Side by Side: Big vs. Small Universities

Emily Davidson and Keli Vitaioli

Big universities offer connections

Emily Davidson

College is supposed to be a pivotal time in our lives and the beginning of our transition to reality. But how different does this monumental step really feel if college is the same size as high school?

Everyone always talks about leaving behind the “high school drama.” But I believe that the main roots of student tension actually comes from the small size. Everyone knows who is the most and least popular, and this creates segregation. In a university with 5,000 or more undergraduates, chances are, I won’t meet the majority of my class. If I don’t know many of my classmates, there is no need for me to concern myself with how people I’m not familiar with perceive me, and any system of “ranking” is irrelevant.

Moreover, 500 classmates isn’t exactly a wealth of social diversity. When there isn’t a plethora of friend groups to choose from, trying to fit in can sometimes feel like a compromise. I’m so excited to attend university next year not with hope, but knowledge that I will find people with whom I can relate.

But it’s not all about friendship. In US News’ national university ranking, only five of the top 30-ranked schools had enrollments fewer than 5,000 students. On top of such prestige, graduates of medium–to–large universities have a larger network of alumni to utilize during their quests for a job, helping to avoid the rumored post–education rut. And don’t forget about generous alumni donations. Northwestern University, one of my potential homes for the next four years, has an endowment of $4.8 billion for an undergraduate of less than 9,000 people; that’s nothing to sneeze at.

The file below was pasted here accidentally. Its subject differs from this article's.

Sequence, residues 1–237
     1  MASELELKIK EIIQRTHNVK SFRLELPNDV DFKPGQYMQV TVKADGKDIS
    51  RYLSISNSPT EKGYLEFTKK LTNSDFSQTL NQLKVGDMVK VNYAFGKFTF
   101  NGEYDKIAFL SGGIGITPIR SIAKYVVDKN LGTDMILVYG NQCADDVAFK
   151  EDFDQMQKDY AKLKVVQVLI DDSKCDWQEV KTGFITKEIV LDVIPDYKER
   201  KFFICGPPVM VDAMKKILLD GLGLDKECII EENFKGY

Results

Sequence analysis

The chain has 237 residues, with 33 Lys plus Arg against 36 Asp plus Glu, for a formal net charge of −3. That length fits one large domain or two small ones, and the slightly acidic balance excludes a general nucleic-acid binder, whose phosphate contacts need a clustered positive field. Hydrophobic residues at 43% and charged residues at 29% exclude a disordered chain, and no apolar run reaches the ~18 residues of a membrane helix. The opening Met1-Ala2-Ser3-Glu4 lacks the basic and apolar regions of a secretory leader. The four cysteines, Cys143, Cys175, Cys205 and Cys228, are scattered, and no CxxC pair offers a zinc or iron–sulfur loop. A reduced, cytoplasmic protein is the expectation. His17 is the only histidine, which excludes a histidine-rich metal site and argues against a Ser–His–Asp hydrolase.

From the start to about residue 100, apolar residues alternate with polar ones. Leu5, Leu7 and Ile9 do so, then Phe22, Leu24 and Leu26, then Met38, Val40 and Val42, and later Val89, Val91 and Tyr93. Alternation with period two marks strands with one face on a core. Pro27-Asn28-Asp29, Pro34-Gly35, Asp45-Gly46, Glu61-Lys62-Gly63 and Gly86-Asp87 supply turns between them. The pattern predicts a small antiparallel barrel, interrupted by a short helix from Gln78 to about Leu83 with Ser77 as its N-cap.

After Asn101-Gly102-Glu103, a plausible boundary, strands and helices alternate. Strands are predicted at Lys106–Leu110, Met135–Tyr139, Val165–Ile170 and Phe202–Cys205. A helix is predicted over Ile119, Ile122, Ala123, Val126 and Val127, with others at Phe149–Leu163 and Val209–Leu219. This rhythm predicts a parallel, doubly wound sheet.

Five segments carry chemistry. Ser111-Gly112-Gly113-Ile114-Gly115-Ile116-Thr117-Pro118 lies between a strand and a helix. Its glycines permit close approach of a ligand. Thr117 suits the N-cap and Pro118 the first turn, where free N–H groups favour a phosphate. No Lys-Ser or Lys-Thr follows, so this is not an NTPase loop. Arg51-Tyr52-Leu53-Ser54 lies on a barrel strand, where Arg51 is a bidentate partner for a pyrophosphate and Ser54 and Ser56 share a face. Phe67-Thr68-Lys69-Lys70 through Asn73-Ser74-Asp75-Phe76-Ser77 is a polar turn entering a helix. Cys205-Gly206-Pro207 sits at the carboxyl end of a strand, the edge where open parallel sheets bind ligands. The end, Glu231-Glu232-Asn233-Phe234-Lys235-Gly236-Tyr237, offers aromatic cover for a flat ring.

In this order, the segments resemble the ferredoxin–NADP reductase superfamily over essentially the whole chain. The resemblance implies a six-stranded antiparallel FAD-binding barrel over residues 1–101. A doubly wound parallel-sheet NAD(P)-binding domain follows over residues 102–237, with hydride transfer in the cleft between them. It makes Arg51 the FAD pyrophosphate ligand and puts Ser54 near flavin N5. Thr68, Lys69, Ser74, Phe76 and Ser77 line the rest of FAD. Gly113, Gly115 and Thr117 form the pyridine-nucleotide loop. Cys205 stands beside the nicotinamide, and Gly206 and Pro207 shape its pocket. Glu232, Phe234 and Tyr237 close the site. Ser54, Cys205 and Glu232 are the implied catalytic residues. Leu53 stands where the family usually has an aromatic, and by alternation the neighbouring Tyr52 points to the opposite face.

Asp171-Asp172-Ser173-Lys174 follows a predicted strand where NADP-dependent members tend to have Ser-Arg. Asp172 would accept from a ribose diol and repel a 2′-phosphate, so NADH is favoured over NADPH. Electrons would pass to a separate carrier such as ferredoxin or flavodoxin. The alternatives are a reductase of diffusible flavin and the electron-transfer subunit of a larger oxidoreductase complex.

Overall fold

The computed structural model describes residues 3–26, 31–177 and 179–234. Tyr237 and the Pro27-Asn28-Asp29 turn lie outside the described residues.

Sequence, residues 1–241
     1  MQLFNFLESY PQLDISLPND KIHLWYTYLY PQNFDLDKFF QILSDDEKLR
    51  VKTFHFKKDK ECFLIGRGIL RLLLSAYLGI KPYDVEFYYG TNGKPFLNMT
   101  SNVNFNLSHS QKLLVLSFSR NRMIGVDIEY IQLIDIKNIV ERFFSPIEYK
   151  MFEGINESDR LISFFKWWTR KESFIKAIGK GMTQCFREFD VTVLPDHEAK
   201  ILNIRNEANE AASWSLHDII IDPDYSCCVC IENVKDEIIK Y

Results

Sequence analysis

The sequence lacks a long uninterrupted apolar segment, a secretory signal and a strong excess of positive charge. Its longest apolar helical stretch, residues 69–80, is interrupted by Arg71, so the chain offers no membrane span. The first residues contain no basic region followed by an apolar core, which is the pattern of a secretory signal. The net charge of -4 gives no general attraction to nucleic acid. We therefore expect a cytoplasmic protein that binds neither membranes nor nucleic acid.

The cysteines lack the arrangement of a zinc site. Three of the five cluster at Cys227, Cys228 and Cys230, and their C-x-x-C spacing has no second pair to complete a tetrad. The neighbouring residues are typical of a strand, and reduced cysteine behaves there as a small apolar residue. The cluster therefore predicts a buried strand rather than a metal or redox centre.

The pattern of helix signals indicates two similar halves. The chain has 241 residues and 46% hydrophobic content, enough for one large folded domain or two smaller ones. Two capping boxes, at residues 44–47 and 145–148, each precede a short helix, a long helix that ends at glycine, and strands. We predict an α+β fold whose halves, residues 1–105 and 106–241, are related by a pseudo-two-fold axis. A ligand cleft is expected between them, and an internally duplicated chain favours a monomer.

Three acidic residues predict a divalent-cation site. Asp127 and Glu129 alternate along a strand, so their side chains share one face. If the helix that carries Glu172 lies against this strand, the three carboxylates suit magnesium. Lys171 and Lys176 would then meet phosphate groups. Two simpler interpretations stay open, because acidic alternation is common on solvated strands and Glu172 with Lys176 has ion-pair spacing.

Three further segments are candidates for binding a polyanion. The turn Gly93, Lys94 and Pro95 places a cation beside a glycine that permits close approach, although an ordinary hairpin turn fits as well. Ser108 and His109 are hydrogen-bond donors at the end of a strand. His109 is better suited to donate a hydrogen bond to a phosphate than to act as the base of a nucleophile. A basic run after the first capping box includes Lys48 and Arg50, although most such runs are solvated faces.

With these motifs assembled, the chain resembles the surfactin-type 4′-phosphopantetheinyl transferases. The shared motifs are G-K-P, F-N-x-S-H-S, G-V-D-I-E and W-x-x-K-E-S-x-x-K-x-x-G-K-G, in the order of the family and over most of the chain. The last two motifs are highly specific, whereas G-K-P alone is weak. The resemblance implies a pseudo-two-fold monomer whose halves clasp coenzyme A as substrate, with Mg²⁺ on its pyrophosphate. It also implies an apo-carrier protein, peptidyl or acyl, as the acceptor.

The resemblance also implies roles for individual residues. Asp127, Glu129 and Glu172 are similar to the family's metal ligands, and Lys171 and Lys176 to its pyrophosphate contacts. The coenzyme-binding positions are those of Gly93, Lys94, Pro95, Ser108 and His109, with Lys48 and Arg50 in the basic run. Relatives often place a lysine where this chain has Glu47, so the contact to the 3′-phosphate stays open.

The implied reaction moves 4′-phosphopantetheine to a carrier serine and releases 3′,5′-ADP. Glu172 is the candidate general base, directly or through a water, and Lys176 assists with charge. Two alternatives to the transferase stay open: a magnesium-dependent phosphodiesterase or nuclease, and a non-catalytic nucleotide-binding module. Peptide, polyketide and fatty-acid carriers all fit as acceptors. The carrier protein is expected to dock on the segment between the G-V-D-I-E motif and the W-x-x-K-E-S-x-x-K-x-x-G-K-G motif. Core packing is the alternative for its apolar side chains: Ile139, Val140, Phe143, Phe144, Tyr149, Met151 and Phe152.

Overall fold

There’s another problem with smaller schools; they’re not always on companies’ radars. The top 25 schools for recruitment, according to the Washington Street Journal, only has one school that falls under the category of small size: MIT.

Next year, I will attend a large university, because I want a whole new (and improved) experience, not the same high school experience with less options and hiked–up tuition.

Small universities are comfortable

Keli Vitaioli

When I picture college, I imagine a more focused and personalized extension of high school. So why do so many students choose universities where they are just one in 10,000? I chose to avoid this little–fish–big–pond scenario altogether by applying to only lesser known liberal arts colleges, where my numbers drop from 1:5,000 to 1:250.

Liberal arts colleges pride themselves on developing students with broad general knowledge and broad general intellectual capacities, which describes being a well–rounded student. Big universities conjure up the image of a plug and chug equation.

At University of Illinois, where many BG students end up, the current freshman class has a total of 6,937 students. However, at Grinnell College in Iowa, my top choice, the freshman class has only 435 students.

Liberal arts schools like Grinnell or Amherst College in Massachusetts offer an open curriculum with just one graduation requirement. This gives the chance to take classes one wouldn’t have time for when struggling to meet requirements, such as Egyptian History or The Hunger Games: Class, Politics, and Marketing.

An open schedule can help undecided students find a major they would not have imagined or just a way to become a more varied individual.

A small school doesn’t mean small learning. Grinnell College, among many other liberal arts colleges, had an endowment last year of $1.83 billion.

With less students and faculty to be concerned about, that means the endowment makes a more direct impact on every student’s learning.

This month, Grinnell alumna Susan McCurry pledged $4 million to the school in order to begin a global studies program that will allow freshmen to travel and gain knowledge outside a traditional classroom.

I knew when I walked on the Grinnell campus, that it was something different. College should feel like a second home, not just an assembly line. And, while picturing a 435–person family at the dinner table may not sound cozy, imagining 6,937 sounds more like the zoo’s feeding troughs.